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Old 18-03-2010, 00:07   #16
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Fowl Play Cole 43

Hi welcome to the Cole 43.
I first saw Fowl Play about 20 years ago. She was moored next to my Endeavour 26 in Brisbane Water Gosford. I just loved how she looked, going fast while standing still.
I believe the owner then was the owner of Chickadee Chickens, hence the name.
He later bought a motor cruiser and it was named Fowl Play also.
She had a very distinctive paint job in red and white.

After doing a major refit on the Endeavour I found the lack of headroom too uncomfortable for me so decided to look for something bigger. We found Bacardi the first Cole 43 to come out of the mould in 1970. She had been owned by Peter Cole.

About 10 or 12 years ago we organised a Cole 43 regatta in Pittwater and had 13 boats attend. At that time we believed Fowl Play was in Coffs Harbour but the owner didn't reply to our invitation to attend.
Every time I have passed through Coffs I have had a look for her to no avail.

I have no knowledge of her circumnavigation but I know Tony Mowbray did a non stop solo circumnavigation in 2000, wwwsailsolo.com.au

My wife and I have logged many miles up and down the east Coast in Bacardi, but unfortunately we have been restricted over the past 2 years with an arthritic hip joint. I have recently had a total hip replacement and hope to get back to cruising later this year.

Regards

Graham Jones
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Old 18-03-2010, 05:06   #17
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Bowtie Lady

I met a fellow Aussie in Plymouth, Massachusetts on a Cole 43. It used to be 'Global Challenger' I think, now its Bowtie Lady. The current owner Peter has single handed from Aus through the Indian Ocean and over to the US. I first noticed the boat because of the sweet deck lines, and only after a few minutes did I realise he was another Aussie. He helped me take my boat down the Jersey shore as the family weren't keen to do that leg. He's just written a book that's available on Amazon called "The Splendid Indian". Great guy, we spent a couple of weeks together in Boot Key Harbour (what a terrible place that is).

JMB
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Old 18-03-2010, 23:08   #18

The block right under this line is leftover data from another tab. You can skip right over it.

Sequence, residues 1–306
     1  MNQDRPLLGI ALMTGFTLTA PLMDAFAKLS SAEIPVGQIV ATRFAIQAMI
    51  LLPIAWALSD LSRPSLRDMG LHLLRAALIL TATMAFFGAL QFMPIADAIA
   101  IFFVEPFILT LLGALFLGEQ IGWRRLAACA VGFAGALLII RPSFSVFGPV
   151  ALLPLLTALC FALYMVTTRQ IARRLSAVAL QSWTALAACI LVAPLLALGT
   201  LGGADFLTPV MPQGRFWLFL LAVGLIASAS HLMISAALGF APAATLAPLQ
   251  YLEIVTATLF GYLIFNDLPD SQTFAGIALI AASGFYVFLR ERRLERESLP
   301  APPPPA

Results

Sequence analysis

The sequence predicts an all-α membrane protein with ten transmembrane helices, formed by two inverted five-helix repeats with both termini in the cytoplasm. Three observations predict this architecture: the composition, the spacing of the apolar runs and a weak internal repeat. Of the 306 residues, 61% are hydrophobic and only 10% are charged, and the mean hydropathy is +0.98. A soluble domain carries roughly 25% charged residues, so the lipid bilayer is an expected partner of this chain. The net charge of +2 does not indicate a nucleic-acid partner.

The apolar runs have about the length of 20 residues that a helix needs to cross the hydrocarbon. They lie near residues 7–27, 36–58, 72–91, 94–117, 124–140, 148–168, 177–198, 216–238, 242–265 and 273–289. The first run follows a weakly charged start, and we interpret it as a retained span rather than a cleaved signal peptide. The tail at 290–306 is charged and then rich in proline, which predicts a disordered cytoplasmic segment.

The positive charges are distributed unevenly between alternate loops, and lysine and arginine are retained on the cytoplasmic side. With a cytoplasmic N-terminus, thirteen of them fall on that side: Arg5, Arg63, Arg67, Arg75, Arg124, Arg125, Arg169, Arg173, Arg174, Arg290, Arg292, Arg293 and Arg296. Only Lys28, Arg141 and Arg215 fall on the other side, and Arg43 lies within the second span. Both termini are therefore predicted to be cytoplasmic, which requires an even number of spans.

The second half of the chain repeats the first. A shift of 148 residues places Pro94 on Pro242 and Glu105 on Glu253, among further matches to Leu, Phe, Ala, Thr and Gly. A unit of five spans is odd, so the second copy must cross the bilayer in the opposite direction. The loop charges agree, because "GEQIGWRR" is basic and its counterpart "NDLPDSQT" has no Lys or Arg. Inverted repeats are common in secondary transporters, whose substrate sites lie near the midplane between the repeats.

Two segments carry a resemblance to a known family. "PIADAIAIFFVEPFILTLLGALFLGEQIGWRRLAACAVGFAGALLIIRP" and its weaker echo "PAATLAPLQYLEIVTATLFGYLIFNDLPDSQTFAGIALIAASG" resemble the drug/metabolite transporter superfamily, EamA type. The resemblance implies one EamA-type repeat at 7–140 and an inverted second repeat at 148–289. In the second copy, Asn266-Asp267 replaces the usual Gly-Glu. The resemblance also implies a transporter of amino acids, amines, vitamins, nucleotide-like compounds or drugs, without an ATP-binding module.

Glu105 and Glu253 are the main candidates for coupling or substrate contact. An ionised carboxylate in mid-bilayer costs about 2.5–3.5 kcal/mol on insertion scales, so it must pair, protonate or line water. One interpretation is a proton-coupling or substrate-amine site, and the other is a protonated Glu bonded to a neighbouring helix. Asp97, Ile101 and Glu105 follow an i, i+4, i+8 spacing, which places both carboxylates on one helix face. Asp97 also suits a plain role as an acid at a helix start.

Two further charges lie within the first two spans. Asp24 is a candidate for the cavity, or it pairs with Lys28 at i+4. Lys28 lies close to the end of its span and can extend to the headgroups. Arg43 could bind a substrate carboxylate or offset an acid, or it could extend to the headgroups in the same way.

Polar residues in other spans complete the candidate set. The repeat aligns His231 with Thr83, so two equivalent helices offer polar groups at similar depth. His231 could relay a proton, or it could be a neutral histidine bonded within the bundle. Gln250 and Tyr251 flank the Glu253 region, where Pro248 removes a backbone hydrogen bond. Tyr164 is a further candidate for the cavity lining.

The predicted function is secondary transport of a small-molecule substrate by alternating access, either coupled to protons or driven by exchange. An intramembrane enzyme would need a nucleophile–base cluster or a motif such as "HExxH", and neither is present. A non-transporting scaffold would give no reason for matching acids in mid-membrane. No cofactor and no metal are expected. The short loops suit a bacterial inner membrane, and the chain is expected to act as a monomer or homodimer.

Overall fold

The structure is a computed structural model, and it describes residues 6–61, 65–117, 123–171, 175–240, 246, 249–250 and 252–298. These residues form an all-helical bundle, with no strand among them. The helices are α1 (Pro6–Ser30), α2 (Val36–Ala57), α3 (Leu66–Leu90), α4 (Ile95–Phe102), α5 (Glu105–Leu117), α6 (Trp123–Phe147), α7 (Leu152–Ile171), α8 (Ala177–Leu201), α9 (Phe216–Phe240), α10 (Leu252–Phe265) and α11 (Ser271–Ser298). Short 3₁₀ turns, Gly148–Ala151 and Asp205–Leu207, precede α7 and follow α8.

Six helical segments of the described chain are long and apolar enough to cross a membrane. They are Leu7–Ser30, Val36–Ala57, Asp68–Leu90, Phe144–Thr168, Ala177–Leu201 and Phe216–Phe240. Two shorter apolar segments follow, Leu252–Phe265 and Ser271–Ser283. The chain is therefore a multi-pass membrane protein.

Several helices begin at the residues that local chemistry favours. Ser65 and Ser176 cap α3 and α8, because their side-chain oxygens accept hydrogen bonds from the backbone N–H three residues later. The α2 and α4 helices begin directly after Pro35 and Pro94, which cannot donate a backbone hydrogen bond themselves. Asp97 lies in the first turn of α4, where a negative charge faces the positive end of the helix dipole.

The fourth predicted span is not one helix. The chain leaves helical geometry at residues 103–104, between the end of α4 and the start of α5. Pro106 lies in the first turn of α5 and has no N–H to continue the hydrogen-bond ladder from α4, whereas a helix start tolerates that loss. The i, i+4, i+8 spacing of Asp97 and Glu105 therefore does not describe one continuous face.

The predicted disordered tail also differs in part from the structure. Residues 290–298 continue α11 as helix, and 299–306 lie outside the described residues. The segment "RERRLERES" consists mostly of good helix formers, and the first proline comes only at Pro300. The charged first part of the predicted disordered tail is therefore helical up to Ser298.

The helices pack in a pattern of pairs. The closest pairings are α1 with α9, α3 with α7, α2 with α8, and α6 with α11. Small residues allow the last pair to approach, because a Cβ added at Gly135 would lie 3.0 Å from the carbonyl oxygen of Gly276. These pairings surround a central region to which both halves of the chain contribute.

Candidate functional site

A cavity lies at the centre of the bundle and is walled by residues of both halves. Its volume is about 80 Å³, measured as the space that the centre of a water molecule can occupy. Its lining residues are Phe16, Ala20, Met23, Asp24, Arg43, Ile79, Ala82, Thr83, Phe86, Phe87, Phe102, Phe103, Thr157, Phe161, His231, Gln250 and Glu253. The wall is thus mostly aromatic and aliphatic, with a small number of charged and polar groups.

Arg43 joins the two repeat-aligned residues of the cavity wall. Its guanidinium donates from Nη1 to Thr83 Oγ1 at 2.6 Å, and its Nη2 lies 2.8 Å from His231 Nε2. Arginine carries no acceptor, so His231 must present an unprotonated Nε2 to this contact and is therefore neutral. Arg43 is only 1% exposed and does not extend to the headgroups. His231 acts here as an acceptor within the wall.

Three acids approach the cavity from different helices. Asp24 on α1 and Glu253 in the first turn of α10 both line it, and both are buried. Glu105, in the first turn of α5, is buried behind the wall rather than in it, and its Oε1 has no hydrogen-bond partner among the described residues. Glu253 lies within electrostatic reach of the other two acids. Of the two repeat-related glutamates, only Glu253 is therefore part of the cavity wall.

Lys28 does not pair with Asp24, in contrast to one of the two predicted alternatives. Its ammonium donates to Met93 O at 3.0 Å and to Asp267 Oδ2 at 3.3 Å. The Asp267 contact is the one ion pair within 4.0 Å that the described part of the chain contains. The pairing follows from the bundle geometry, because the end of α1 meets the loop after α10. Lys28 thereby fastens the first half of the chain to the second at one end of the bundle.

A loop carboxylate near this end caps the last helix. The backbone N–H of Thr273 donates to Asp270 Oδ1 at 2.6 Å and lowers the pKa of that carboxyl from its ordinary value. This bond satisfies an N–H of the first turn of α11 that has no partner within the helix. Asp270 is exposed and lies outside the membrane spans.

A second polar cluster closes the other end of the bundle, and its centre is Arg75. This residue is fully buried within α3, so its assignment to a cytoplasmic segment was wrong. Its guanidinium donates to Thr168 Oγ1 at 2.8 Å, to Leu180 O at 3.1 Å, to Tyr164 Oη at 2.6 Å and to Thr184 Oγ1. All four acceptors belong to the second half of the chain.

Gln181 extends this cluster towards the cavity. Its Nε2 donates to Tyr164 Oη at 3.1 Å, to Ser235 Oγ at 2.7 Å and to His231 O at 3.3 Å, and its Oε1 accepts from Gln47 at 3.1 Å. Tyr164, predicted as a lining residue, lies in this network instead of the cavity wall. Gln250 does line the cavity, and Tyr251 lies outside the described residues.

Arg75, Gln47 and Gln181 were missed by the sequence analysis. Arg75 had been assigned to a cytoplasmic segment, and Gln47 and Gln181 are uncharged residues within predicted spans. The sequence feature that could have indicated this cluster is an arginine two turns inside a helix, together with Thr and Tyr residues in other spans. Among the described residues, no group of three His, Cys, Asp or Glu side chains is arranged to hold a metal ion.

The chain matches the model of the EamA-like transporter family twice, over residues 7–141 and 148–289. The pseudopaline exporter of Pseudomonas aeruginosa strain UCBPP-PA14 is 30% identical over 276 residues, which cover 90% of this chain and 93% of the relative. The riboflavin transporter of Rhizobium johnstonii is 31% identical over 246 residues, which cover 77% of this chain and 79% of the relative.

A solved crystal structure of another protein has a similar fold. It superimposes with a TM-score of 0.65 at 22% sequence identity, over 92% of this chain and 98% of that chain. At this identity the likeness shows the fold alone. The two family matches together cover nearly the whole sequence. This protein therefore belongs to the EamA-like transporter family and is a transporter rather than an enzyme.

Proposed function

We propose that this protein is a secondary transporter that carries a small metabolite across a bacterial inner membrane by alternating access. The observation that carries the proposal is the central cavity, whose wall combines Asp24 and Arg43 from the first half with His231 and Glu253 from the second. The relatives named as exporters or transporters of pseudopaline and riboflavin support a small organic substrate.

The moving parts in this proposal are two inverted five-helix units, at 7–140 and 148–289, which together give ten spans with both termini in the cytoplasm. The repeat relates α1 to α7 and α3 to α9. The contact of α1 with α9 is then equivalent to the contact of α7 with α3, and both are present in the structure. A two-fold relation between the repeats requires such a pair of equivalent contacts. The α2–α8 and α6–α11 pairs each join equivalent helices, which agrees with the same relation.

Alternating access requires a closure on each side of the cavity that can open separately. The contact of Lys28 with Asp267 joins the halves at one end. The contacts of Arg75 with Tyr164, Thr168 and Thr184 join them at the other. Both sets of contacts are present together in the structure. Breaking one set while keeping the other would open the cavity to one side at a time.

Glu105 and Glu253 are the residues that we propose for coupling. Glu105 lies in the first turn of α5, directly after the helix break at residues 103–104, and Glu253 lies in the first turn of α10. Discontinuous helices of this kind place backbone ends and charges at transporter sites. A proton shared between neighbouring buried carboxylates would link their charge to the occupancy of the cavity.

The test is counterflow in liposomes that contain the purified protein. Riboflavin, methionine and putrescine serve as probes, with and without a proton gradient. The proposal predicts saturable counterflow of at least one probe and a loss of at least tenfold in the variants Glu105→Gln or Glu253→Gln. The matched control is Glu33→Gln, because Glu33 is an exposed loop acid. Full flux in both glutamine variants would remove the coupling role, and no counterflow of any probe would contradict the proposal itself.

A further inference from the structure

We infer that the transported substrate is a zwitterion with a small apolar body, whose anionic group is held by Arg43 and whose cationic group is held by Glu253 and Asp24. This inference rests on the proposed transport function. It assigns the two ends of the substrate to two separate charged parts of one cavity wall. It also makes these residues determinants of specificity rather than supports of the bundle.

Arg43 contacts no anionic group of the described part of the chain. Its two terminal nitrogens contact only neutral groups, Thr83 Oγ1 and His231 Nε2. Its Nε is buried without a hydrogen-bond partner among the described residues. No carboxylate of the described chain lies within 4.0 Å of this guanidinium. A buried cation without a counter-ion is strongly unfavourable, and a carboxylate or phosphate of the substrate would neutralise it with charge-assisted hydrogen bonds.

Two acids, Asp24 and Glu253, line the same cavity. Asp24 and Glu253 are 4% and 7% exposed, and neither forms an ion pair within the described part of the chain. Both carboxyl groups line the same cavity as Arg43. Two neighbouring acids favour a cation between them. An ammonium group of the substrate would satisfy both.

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Bowtie lady

Yes Bowtie Lady is the old Solo Global Challenger. Solo Globe Challenge 2000 - Tony Mowbray sailing non-stop single handed around the world will give you a lot of information about her non stop solo circumnavigation as well as the story of their knockdown in the 1998 Sydney to Hobart.

Tony Mowbray is now doing Antarctic trips on a steel yacht. Search for Tony Mowbray to find more.

Graham Jones
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Old 29-04-2010, 06:26   #19
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Hi again, well got the big girl out at the moment and scraping what looks like 20 years of Antifoul off.. arms feel like they are full of concrete. chiselling is quite effective its just hard damn long task. my question is regarding the prop shaft... its angled toward the starboard side, is this intentional? i want to replace the cutlass bearing on the back of the shaft. I have an Autostream, it looks like i might be able to undo the shaft at the engine end and slide the whole thing back and out. has anyone had experience with this replacement?
cadence is different under water profile to other coles i have seen, she has the back bearing on an arm. if i can work out how to post pics i will, any suggestions greatly appreciated. Paul.
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Old 29-04-2010, 22:06   #20
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Hello Paul, yes, a picture would clarify what you're asking. I replaced my cutlass bearing situated in the bronze strut by decoupling at the engine and pushing the shaft right out (actually, I had to cut the coupling open with a grinder (destroy) because the set-screws were too well rusted in). Are you talking about a bearing inside the stern tube, or inside the strut?